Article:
The No-Follow Lowdown

Because of the growth of the “link buying economy,” where companies’ entire business models are based on paid links that affect search engine rankings, Google launched “no-follow” back in 2005. While “no-follow” is not a new phenomenon it’s still important for sites like Pinterest who adhere to no-follow walking down the path of sites like Flickr and Wikipedia.

Here’s what it looks like:

The opposite of a no-follow blog is a “do-follow” blog that allows any link-backs in the comments section of the blog. The benefit of having a do-follow blog is you may get more comments from other bloggers looking to increase their page rank says blogger Jaspreet Chahal. He says that bloggers often seek out these blogs in particular and there are lists of strictly do-follow blogs. If you have a do-follow blog you will attract more comments–but possibly from commenters only interested in increasing their SEO rank. If you decide to leverage do-follow, while it will attract bloggers looking for some time in the sun, your blog could be attacked by spam. You could harm your blog by leveraging do-follow “flowing PageRank to potentially spammy/inappropriate sites.” This would be destructive to your Google page rank, according to blogger Lisa Irby.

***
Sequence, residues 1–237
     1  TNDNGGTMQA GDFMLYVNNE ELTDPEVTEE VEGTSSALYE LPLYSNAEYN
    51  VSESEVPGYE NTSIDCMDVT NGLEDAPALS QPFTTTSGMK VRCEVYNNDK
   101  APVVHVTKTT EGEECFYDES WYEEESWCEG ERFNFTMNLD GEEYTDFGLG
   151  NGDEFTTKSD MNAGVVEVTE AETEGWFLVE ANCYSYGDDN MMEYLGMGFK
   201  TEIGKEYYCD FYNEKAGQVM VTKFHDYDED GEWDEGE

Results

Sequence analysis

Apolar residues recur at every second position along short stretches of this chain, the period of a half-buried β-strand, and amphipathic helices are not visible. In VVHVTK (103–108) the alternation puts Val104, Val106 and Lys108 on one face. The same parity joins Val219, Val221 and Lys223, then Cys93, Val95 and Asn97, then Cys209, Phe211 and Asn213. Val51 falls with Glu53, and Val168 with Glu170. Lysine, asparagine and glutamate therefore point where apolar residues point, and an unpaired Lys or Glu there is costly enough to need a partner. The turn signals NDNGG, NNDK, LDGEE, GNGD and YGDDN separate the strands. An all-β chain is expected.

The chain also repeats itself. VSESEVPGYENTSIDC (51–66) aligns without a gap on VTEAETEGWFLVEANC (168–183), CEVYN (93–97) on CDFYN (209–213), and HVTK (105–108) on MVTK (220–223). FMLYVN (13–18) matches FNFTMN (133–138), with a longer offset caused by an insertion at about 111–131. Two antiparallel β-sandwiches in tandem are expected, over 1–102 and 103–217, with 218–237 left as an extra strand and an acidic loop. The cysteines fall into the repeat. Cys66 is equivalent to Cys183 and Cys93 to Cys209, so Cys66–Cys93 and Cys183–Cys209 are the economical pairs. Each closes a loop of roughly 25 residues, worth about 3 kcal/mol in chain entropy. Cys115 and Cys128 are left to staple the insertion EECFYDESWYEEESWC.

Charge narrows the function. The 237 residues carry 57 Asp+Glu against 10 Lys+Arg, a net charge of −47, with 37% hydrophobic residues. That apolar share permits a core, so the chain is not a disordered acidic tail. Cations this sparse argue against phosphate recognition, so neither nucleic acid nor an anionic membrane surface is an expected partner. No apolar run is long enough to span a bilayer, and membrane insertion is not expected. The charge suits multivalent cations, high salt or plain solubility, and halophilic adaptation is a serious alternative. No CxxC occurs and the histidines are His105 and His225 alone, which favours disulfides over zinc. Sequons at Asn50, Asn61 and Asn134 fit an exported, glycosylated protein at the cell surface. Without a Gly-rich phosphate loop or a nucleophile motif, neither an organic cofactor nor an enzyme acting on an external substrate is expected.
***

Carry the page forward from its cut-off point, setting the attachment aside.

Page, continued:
Google did this in reaction to [according to Google]”  …some SEOs and webmasters [who] engage in the practice of buying and selling links that pass PageRank, disregarding the quality of the links, the sources, and the long-term impact it will have on their sites. Buying or selling links that pass PageRank is in violation of Google’s Webmaster Guidelines and can negatively impact a site’s ranking in search results.”


Google interprets the no-follow to mean that the linked site isn’t necessarily relevant to the page that it links to.

Google says: “Not all paid links violate our guidelines. Buying and selling links is a normal part of the economy of the web when done for advertising purposes, and not for manipulation of search results. Links purchased for advertising should be designated as such. This can be done in several ways, such as:

  • Adding a rel=”nofollow” attribute to the <a> tag
  • Redirecting the links to an intermediate page that is blocked from search engines with a robots.txt file”

Here at Linqia we believe that while SEO is important, authentic content that inspires, entertains, educates or informs remains a priority. And it looks like Google feels the same way as Google informally announced at SXSW plans to level the playing field with sites that are “overly optimized” to sites that focus more on content. Solid authentic engagement is equally important, arguably much more so, than SEO.

No matter what you decide to do on your blog (no-follow versus do-follow), content should always be king, context queen. Continuity of posts and compliance with Google’s guidelines will help you ensure your continued success.

1 comment
  1. realmomreviews said:

    Thanks so much for posting this!🙂

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